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5.4 Evolution

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5.4 Evolution. Define Evolution. Evolution is the process of cumulative change in the heritable characteristics of a population. Charles Darwin at age 22 traveled on HMS Beagle in 1831. Evidence for Evolution. Fossil Record - PowerPoint PPT Presentation

Text of 5.4 Evolution

5.4 Evolution

5.4 Evolution

Define EvolutionEvolution is the process of cumulative change in the heritable characteristics of a population

Charles Darwin at age 22 traveled on HMS Beagle in 1831Evidence for EvolutionFossil Record Most fossil data gives us sporadic information rather than continuous dataOverall, life which existed more than 500 mya was very different from life todayApart from organisms like sharks, cockroaches, ferns most organisms are very different from fossilized ancestorsAlthough most top predators are mammals, none of them existed during the Age of the Dinosaur

Evidence for Evolution2. Selective Breeding of Domestic AnimalsProvides good evidence for recent changes in heritable characteristicsIdea is to breed best plant/animal specimens together so offspring have higher likelihood of retaining those traitsEx: milk and meat cows

Evidence for Evolution3. Homologous StructuresAll life is connected through evolutionary history and therefore some organisms must share similar structuresEx: five-fingered (pentadactyl) limb

HumerusRadiusUlna

Natural SelectionDarwin noticed that plants and animals produce more offspring than the carrying capacity of that environment can supportEx: plants produce more seeds than propagateEx: mushrooms produce more spores than growEx: fish lay more eggs than survive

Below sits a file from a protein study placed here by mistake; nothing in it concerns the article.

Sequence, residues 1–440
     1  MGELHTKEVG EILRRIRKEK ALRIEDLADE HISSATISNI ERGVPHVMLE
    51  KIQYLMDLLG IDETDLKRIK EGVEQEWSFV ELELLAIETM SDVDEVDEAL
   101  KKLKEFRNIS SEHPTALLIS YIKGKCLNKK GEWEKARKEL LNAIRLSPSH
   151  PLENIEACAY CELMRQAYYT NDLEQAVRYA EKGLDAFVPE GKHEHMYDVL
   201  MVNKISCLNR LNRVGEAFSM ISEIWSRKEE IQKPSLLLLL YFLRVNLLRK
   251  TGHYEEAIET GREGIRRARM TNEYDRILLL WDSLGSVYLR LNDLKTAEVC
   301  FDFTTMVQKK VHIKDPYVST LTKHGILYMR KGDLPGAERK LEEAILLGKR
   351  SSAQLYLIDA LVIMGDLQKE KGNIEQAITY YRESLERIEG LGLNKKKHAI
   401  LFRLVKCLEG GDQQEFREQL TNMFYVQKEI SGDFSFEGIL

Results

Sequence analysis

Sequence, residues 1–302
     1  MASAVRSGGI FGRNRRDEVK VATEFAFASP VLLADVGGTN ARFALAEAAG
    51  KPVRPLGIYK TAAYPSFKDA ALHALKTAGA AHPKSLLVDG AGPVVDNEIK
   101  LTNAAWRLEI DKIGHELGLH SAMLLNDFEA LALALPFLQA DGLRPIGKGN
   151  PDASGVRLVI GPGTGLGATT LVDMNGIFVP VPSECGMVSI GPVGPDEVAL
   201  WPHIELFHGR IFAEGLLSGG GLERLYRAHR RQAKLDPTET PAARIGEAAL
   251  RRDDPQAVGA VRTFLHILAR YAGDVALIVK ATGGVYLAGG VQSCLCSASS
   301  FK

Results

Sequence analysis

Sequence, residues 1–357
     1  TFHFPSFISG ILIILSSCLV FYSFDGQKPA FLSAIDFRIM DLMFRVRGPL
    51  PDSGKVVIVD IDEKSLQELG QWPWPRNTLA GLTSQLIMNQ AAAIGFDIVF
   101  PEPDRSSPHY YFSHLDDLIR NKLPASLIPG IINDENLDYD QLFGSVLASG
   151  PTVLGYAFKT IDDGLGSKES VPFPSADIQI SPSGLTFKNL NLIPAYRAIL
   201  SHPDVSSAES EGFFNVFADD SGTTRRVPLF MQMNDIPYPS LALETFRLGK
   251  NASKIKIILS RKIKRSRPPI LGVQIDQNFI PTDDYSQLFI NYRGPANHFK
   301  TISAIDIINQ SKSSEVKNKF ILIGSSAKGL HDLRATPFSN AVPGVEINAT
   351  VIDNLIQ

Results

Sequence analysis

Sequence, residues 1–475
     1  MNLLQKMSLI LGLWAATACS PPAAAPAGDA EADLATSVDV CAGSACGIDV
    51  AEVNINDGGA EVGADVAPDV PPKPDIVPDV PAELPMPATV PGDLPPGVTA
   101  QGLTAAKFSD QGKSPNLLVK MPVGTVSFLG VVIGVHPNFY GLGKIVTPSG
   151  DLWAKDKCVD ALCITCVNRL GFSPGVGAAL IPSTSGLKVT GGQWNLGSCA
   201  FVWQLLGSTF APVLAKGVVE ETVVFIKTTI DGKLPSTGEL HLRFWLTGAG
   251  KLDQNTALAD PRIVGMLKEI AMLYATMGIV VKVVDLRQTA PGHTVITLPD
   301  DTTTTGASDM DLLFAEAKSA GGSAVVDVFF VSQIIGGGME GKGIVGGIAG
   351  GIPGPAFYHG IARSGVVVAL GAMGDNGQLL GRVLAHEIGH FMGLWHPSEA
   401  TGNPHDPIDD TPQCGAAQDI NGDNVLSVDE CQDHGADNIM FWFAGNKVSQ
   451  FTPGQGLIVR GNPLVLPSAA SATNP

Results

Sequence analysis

Not all offspring survive because of limited resources leads to struggle for survivalConsequences of OverproductionOverpopulation and limited resources causes competition Competition can lead to adaptive behaviors and allow organisms more fit for environment to have higher survival/reproduction rates and then these organisms genes are more likely to be passed on to the next generation

VariationMembers of a species can show variation (variation refers to differences in phenotypes)

Continuous VariationDiscontinuous Variation

Ex: blood groupsEx: height of trees in forestMutations and the Environment are a couple of methods which increase variationHow does Sexual Reproduction Increase Variation?1. Meiosis due to random orientation and independent assortment, each gamete contains a unique set of parental chromosomes

How does Sexual Reproduction Increase Variation?2. Fertilization random fertilization (egg + sperm) allows new combination of genes in organism

3. Crossing over during Prophase I of Meiosis also increases variation

How Natural Selection leads to EvolutionNatural selection is a process where the survival/thriving of organisms is dependent on the compatibility between their characteristics and the environmentThe Steps of Evolution by Natural Selection:Overproduction of offspring with genetic varianceBetter suited for enviro = higher likelihood to survive/reproLess suited for enviro = lower likelihood to survive/reproOver many generations these effects can change the gene poolEVOLUTION

Examples of Natural Selection in response to Environmental ChangeAntibiotic Resistance:Antibiotics are medications given for bacterial infections, but some bacteria are resistant to the antibiotics. The resistant bacteria can transfer their plasmids to other bacteria, creating strains that are resistantEx: a new strain of Staph bacteria (MRSA) has evolved to be resistant to antibiotics

Examples of Natural Selection in response to Environmental ChangePeppered MothPrior to Britains Industrial Revolution (1780-1850), both moths lived in the area but by the mid-1800s the environment in England had changed due to soot blanketing the trees so that the light colored moths were easier for birds to hunt therefore the darker moths had a natural advantage

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